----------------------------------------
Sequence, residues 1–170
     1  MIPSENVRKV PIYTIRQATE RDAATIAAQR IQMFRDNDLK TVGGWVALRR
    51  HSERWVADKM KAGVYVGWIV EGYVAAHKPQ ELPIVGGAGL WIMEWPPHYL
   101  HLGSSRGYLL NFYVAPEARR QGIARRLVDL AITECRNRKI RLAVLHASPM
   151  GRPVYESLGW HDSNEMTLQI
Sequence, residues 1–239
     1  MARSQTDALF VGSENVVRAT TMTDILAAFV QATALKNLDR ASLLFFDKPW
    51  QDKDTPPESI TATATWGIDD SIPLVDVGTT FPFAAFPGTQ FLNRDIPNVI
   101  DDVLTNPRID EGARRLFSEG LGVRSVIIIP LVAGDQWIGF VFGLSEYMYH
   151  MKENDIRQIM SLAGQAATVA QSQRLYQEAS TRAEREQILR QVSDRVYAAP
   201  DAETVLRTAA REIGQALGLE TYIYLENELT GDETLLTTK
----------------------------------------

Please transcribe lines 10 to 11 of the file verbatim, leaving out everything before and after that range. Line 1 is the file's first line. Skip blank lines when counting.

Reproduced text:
   151  MKENDIRQIM SLAGQAATVA QSQRLYQEAS TRAEREQILR QVSDRVYAAP
   201  DAETVLRTAA REIGQALGLE TYIYLENELT GDETLLTTK